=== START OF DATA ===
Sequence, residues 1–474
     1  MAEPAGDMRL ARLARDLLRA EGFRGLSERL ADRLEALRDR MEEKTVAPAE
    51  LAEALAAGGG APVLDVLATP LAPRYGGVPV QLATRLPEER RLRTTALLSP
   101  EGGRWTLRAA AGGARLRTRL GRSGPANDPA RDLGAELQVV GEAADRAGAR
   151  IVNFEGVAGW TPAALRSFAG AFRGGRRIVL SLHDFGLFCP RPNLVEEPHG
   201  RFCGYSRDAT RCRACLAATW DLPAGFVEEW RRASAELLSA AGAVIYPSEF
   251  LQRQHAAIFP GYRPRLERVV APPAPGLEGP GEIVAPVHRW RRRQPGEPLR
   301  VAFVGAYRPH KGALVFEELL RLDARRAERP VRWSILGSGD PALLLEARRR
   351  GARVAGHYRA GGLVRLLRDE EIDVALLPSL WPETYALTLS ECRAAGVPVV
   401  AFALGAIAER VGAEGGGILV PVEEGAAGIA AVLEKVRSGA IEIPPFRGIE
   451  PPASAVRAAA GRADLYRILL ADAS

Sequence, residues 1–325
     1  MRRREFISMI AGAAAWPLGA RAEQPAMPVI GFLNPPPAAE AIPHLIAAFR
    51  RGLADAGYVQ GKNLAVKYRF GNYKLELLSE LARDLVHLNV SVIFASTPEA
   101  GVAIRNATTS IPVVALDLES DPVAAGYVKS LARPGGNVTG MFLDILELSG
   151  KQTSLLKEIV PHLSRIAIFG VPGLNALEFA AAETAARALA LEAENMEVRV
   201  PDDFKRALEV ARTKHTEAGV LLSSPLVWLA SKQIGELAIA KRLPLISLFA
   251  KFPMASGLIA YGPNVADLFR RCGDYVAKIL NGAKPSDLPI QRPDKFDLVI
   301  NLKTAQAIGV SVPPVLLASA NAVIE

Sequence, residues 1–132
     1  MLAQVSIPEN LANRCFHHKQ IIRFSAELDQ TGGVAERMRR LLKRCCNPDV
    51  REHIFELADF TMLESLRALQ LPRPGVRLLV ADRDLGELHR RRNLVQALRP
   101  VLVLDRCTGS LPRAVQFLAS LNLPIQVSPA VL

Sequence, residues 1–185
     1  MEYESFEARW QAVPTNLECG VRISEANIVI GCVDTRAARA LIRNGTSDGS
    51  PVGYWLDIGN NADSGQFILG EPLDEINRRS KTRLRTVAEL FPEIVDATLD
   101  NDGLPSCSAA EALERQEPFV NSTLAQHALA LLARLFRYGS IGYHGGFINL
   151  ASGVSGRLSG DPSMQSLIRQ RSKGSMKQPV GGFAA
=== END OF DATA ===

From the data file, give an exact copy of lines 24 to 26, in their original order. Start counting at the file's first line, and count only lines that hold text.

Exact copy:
Sequence, residues 1–185
     1  MEYESFEARW QAVPTNLECG VRISEANIVI GCVDTRAARA LIRNGTSDGS
    51  PVGYWLDIGN NADSGQFILG EPLDEINRRS KTRLRTVAEL FPEIVDATLD